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12 December 2013 1:00 pm ,
Vol. 342 ,
The iconic 125-year-old Lick Observatory on Mount Hamilton near San Jose, California, is facing the threat of closure...
Recent results from the Curiosity Mars rover have helped scientists formulate a plan for the next phase of its mission...
A new, remarkably powerful drug that cripples the hepatitis C virus (HCV) came to market last week, but it sells for $...
In pretoothbrush populations, gumlines would often be marred by a thick, visible crust of calcium phosphate, food...
Evolutionary biologists have long studied how the Mexican tetra, a drab fish that lives in rivers and creeks but has...
Victorian astronomers spent countless hours laboriously charting the positions of stars in the sky. Such sky mapping,...
In an ambitious project to study 1000 years of sickness and health, researchers are excavating the graveyard of the now...
Stefan Behnisch has won awards for designing science labs and other buildings that are smart, sustainable, and...
- 12 December 2013 1:00 pm , Vol. 342 , #6164
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Besieged Ants Turn to Topiary
7 October 1999 5:30 pm
The Hatfields and the McCoys. The Montagues and the Capulets. To this list of arch rivals, biologists can add four species of biting ants in Africa, which all compete for living space in the same kind of tree, a whistling-thorn acacia. Now, they have discovered that entire trees and landscapes can be shaped by the ant wars. One of the ant species has apparently learned how to trim its acacia trees, bonsai-style, into dense bushes that do not touch trees occupied by rivals.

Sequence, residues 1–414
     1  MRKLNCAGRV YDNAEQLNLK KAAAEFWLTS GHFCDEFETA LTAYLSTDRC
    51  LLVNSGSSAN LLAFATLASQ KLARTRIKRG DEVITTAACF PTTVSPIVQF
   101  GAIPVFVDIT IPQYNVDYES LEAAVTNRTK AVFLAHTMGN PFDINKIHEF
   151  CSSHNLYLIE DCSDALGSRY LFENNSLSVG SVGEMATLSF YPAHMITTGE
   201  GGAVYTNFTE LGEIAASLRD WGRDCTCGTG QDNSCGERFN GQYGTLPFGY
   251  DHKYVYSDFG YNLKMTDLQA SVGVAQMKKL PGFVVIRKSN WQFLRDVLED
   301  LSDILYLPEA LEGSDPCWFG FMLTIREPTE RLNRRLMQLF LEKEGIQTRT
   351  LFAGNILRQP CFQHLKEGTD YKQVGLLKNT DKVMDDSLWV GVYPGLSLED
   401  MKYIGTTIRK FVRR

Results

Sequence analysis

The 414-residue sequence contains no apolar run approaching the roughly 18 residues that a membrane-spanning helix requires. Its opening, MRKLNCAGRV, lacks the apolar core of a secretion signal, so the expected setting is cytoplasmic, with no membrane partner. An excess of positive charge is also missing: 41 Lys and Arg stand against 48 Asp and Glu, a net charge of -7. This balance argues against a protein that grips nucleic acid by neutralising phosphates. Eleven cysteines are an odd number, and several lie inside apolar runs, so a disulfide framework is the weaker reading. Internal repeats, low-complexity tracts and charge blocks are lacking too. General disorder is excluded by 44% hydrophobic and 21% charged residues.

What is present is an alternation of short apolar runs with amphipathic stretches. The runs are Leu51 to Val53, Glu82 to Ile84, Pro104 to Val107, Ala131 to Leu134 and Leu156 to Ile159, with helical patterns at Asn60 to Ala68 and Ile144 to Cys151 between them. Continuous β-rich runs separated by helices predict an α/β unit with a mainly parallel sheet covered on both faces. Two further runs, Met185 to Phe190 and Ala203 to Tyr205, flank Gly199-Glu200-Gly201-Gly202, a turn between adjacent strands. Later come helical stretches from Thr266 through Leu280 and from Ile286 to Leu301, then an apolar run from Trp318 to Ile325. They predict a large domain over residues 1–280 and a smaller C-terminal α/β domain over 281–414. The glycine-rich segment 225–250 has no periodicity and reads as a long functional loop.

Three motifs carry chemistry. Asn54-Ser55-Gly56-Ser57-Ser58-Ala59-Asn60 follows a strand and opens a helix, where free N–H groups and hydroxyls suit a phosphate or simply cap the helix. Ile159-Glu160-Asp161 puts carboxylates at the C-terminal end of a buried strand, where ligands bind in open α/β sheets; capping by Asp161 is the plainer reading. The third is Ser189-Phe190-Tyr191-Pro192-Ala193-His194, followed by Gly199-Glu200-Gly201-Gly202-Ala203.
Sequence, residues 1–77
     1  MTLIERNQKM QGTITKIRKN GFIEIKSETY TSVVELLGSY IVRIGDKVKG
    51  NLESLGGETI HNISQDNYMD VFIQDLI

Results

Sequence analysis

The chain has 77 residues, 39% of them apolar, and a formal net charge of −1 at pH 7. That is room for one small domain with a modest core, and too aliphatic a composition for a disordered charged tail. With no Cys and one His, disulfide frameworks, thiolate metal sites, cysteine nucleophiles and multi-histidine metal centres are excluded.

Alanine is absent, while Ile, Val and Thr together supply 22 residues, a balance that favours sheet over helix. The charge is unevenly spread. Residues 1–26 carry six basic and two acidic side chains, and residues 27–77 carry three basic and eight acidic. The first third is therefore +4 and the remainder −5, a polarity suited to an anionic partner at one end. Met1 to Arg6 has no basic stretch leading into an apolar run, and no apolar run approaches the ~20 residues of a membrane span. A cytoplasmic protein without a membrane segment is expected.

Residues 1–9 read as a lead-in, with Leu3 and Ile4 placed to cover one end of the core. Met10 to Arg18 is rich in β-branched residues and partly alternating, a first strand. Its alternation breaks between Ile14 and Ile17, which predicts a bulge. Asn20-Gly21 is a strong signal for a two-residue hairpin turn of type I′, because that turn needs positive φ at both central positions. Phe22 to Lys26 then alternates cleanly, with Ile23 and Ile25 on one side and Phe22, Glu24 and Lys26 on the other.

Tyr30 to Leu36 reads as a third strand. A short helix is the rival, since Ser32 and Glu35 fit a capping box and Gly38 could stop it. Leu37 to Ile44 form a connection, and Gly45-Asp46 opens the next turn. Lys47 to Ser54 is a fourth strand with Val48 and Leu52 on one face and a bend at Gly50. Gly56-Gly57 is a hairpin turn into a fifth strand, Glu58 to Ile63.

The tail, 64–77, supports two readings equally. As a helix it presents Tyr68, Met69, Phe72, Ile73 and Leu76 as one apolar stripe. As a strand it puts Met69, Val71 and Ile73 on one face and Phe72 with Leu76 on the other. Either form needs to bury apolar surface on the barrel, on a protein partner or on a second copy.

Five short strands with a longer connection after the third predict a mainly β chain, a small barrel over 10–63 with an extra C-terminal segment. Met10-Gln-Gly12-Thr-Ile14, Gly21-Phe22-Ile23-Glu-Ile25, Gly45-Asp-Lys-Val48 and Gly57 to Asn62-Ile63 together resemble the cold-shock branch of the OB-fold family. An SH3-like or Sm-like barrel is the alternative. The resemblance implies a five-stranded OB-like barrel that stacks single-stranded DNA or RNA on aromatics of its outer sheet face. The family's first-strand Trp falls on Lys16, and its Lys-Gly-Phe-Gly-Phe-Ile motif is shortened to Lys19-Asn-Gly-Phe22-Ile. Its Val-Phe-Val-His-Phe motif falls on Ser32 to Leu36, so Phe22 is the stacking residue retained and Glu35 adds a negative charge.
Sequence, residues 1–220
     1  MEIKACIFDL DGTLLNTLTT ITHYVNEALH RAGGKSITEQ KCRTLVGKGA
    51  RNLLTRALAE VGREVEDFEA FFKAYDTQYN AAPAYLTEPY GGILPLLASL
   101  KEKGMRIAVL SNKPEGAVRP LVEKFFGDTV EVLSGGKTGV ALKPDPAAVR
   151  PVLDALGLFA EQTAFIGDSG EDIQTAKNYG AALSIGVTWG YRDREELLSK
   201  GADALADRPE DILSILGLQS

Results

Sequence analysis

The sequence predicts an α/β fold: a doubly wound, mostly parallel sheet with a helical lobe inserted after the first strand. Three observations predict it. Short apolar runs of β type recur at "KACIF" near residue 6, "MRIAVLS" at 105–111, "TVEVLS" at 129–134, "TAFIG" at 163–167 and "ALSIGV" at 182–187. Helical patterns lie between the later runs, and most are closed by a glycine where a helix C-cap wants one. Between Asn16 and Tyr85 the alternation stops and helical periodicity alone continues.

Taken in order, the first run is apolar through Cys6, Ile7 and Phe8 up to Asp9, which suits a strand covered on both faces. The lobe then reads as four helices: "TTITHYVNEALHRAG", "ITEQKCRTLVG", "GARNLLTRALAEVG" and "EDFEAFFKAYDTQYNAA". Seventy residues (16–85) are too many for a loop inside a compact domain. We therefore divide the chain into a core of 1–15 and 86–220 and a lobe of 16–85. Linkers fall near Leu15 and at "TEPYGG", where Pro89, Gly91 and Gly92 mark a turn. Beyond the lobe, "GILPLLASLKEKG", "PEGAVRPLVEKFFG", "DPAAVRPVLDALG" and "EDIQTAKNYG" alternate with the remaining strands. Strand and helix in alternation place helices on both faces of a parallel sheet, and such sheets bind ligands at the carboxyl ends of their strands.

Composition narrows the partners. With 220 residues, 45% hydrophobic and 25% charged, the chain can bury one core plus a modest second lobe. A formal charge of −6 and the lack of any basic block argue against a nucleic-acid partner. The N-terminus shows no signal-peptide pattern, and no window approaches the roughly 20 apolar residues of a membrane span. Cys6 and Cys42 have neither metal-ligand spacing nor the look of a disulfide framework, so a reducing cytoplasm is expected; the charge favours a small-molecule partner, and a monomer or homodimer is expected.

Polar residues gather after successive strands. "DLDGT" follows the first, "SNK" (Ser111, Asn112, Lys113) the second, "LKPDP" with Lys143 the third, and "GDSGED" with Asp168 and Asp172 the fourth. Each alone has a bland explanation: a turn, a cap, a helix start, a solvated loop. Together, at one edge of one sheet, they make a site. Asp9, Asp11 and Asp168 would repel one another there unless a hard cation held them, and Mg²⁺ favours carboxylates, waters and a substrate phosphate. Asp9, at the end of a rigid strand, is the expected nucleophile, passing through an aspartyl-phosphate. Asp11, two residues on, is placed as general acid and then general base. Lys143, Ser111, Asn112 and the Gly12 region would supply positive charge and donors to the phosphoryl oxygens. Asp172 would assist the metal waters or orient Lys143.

The ant-acacia relationship has long been a textbook example of symbiosis. In both Central America and Africa, acacia trees grow large swollen thorns in addition to their more typical slender thorns. The only apparent function of the swollen thorns is to serve as a home for ants. (When the ants move out, the entryways into the hollow thorns act like the holes on a flute--hence the name "whistling thorn.") Meanwhile, the ants serve the tree by beating back herbivores. A browsing giraffe may avoid the thorns, but it risks an all-out assault on its mouth by thousands of angry, biting ants.
Now scientists are beginning to realize how much the symbiosis is influenced by ant-to-ant combat. Maureen Stanton and Truman Young of the University of California, Davis, wondered why the trees occupied by one of the ant species, Crematogaster nigriceps, appear stunted. When they tied branches of the nigriceps-occupied trees to neighboring branches of a tree hosting another species, they found out. The other species swarmed across the makeshift bridge and usually annihilated the nigriceps colonies. "The ground below the trees was literally covered with dead and dying ants the next day," Stanton recalls. Normally, Stanton and Young report in today's Nature, the nigriceps ants avoid such invasions by pruning their trees, in effect creating a moat of air.
Dan Janzen, a tropical ecologist at the University of Pennsylvania, says that the experiments were "well done" and shed new light on an ecosystem that is literally in the backyard for many Africans. "If you go to Nairobi and get in a taxicab, you're there in two minutes," Janzen says. "You'll see 500 acacias in an acre and nothing else."